# Are USB2.0 drives really 480Mbs?

By terabyte ยท 8 replies
Jan 26, 2005
1. Hello people, this has been bothering me.
I want to buy an external hard drive and found some external USB2.0 drives claiming speeds of upto 480Mbsp. However, the drive in the external casing is only 133ATA or 133Mbps. How does a 133 drive let data get out at 480?

Also my other question is this: If 133 is Mega bytes per second, that should mean I can copy a 600Mb cd in about 6 seconds? I am not able to do that yet. Any explanation would be greatly appreciated. Thanks!

terabyte

2. ### SNGX1275TS Forces SpecialPosts: 10,729   +409

In theory yes, in reality no. I forget exactly what the explanation is but firewire for drives is better than usb2.0, something to do with information going both directions. Anyway, in the scope of your question, no its not going to speed up your drive any.

A number in Mbps is Mega Bits Per Second. Not Mega Bytes Per Second, right there is the explanation. 8bits=1byte

3. ### NodsuTS RookiePosts: 5,837   +6

The interface speed is just marketing. And yes, there is a difference between B and b

Modern hard drives almost never reach ATA100 speeds, the effective transfer rates being some 50-80 megabytes per second at best.

4. ### kritonasTS RookiePosts: 49

USB 2.0 is 480 megabits per second, and 8 bits make one byte.Therefore 480 mbits are equal to a speed of 60 mbytes per second. But that is only theoretical, you will never transfer at 60mb/s through a usb device.
Hard disks never fill their link, for instance an ATA133 hard disk, will never transfer with 133 mbytes/sec simply because it can't read/write with that speed, therefore it just uses part of that bandwidth.
Now, a usb2.0 hard disk limits an ATA 133 hard disk to 60mb/s, so that will have an impact on the disks performance. plus, 60mb/s cannot be achieved practically from a usb device, because there are other things that limit the speed(for example the usb interface relies a lot on software, thus it needs processing power.)
oh well.
correct me if i'm wrong.

5. ### terabyteTS RookieTopic Starter

I must have been mentally drunk yesterday night when I was writing about MegaBytes. Of course 480 is mega bits and not bytes. Well now, thanks everyone for explaining it to me. Now I have another question along the same lines: I have a network device (a Snap Server with Raid-0 on two ATA133 Maxtor 250GB drives with 8MB cache each) that has a 100mbps Ethernet interface. When I save 5 Gigabytes to it (via a Ethernet 100mbps Hub) , it took me almost 120 minutes. However, when I saved the same 5 Gigabytes to my external USB2.0 ATA133 drive, it took me just about 25 minutes (A fourth of the time approximately). I really would like to know why my USB2.0 external drive can save data 4 times faster than my 100mbps ethernet device(the Snap Server). That is what triggered me into thinking.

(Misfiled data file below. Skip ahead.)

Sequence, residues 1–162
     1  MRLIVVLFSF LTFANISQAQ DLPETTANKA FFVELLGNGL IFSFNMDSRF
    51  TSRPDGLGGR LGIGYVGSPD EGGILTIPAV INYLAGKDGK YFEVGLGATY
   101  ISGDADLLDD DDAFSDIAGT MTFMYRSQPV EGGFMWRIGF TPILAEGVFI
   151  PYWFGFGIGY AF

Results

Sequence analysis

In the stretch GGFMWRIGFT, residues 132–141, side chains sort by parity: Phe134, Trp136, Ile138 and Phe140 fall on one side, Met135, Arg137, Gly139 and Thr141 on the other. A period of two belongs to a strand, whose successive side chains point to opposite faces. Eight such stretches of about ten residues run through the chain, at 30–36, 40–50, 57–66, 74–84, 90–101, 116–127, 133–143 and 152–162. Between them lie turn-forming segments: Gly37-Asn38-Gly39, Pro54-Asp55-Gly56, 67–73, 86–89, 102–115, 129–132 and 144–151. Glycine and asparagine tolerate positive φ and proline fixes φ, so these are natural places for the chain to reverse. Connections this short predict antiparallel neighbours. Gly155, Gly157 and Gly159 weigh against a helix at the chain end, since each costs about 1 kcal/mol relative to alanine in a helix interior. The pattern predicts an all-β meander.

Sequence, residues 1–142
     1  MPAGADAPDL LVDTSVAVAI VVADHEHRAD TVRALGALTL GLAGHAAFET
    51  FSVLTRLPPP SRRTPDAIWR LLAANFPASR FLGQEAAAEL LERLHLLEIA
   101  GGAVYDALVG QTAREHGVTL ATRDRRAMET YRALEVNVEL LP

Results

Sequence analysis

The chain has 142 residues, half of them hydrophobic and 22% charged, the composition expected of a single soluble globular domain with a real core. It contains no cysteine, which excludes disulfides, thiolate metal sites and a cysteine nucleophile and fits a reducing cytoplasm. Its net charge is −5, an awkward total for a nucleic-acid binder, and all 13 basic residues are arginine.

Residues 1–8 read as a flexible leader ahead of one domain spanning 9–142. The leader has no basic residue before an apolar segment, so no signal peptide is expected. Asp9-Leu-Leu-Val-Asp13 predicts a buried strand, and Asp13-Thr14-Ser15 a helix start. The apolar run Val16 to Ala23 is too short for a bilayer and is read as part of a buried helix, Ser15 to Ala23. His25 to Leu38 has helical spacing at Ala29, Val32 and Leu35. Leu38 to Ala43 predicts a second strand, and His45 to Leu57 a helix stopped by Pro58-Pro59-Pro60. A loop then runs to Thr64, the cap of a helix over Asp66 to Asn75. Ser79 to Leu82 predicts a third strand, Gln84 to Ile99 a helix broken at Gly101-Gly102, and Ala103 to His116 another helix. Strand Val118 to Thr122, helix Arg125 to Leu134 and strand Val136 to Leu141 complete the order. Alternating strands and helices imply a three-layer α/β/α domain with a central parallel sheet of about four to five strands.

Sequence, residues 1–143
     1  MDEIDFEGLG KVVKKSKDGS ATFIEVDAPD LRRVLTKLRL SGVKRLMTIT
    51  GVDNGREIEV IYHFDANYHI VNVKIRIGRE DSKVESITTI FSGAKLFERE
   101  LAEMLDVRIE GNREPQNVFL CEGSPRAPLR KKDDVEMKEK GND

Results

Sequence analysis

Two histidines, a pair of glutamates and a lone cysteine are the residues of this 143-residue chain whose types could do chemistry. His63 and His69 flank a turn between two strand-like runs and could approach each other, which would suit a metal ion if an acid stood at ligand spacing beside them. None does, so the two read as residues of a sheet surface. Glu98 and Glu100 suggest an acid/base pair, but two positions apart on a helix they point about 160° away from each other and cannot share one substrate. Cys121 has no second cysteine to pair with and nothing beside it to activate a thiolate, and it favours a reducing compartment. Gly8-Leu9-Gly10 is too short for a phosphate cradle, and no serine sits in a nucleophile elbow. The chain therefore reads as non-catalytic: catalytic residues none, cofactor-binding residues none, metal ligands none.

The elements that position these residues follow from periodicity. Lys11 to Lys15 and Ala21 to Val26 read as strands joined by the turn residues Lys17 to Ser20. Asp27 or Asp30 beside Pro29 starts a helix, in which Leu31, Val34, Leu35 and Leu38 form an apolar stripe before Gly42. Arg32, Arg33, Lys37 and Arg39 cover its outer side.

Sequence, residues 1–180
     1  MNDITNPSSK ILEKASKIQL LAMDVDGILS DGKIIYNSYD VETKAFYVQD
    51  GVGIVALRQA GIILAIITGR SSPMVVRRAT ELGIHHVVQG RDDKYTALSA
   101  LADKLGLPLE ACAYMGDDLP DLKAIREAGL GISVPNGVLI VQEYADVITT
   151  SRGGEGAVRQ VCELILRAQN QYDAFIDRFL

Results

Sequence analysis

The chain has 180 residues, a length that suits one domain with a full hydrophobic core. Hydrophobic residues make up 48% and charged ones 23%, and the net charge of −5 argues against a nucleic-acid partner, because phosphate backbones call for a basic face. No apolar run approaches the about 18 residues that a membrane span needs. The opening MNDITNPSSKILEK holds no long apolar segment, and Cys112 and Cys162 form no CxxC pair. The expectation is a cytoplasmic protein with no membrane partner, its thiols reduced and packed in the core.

Since 4 times 100(as in ethernet) = 400 (as in usb2), I was wondering if the USB2 drive was really transferring at about 400mbps, but then the 133 ata is getting me lost.

Thanks again for ideas.

Always ready to learn something new.

Terabyte

6. ### kritonasTS RookiePosts: 49

You are confused because ATA is measured in megabytes
Therefore the actual bandwidth of your hdd is 133mbytes/sec (that is 1064mbits/sec).
that is limited by the usb 2.0 to less than 480mbits/sec. while your lan has a bandwidth of less than a fourth(100mbits/sec).
Dont forget that the lan has other factors you must consider, such as latency, and collisions.
I hope what i said is understandable

7. ### terabyteTS RookieTopic Starter

Aha. Now I am in business. The ATA really threw me off. Thanks for clarifying or I would be in the dark until light fell on me. I was considering all labels as mega bits rather than mega bytes. Now that I read your post and understand that ATA is measured in megabytes, everything is falling into place and I am not lost anymore.
Thanks!

8. ### RickTechSpot StaffPosts: 4,572   +65

MB and Mb make a big difference.

While the USB 2.0 interface provides 480Mbps, the actual media itself for those fancy flash pens is lucky to get past 20Mbps. :zzz:

I think that's a good example of how gimmicky marketing is anymore. Everyone's busy throwing out big numbers and it's your job as the consumer to crunch those numbers... Didn't use to be that way... As much.

9. ### MrDJ009TS Rookie

Step up to Gigabit.

Now that we're clear about why Fast Ethernet, at 100 Mbps, can sometimes be slow, it might be time to consider stepping up to Gigabit Ethernet at 1000 Mbps. Gigabit switches and network cards can be had for very reasonable prices. Upgrading the network would improve PC <--> server backup times, since the network is a bottleneck.

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